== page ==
Tattoos could help deliver cancer vaccines

In collaboration with the Press Association

Tattoos could potentially be used to help deliver cancer vaccines, German scientists have suggested.

Preventative cancer vaccines are a new form of therapy designed to kick-start an immune response in the body. The vaccine encourages the body to produce proteins called antibodies so that, if it encounters cancer cells in the future, it can rapidly put up an immune response.

At present, a vaccine is available to prevent infection with the human papillomavirus (HPV), which is responsible for the majority of cases of cervical cancer.

Researchers at the German Cancer Research Centre (Deutsches Krebsforschungszentrum) in Heidelberg, Germany, trialled a tattooing method on the skin of mice using a coat protein from the HPV virus.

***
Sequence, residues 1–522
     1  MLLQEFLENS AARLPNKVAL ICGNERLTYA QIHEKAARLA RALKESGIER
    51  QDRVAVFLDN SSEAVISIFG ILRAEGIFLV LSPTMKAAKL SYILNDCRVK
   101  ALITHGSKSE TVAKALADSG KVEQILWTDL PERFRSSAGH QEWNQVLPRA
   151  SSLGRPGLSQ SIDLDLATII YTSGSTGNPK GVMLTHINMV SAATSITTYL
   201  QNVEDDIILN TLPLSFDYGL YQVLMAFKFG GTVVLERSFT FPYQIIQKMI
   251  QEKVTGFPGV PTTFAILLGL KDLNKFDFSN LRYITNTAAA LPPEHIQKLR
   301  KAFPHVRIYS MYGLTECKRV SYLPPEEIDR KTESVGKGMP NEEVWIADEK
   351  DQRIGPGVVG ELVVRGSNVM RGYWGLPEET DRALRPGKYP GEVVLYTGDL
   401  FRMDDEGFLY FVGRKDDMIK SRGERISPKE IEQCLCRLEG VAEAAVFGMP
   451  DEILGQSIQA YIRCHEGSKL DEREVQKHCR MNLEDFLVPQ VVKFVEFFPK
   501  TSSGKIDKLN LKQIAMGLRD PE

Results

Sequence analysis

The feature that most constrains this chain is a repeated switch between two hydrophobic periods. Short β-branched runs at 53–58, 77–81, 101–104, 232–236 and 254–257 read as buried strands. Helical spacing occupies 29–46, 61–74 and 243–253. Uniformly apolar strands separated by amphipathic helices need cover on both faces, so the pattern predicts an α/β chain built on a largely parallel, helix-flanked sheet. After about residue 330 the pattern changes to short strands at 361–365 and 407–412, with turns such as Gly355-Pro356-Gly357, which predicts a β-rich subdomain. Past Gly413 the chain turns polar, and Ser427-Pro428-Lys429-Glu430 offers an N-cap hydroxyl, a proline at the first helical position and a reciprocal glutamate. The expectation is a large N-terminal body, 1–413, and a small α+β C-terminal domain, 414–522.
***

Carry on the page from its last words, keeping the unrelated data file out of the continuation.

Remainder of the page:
Tattooing causes more inflammation and covers a wider area of skin than standard injections, enabling the vaccine to enter more cells, and the researchers found that it was more effective at delivering the vaccine than the standard injections.

It produced a stronger immune response than an injection, even when proteins used to boost the immune system were included in the injections.

According to the researchers, whose findings are published in the journal Genetic Vaccines and Therapy, mice given three doses of DNA vaccine by tattooing had at least 16 times higher levels of antibodies than a similar dose of immune-boosting proteins injected into the muscles.

Lead researcher Martin Muller commented: "Vaccination with naked DNA has been hampered by its low efficiency.

"Delivery of DNA via tattooing could be a way for a more widespread commercial application of DNA vaccines."

The researchers noted that the method might not appeal to everyone, but suggested that it could be used to deliver therapeutic vaccines in humans and routine vaccination in cattle.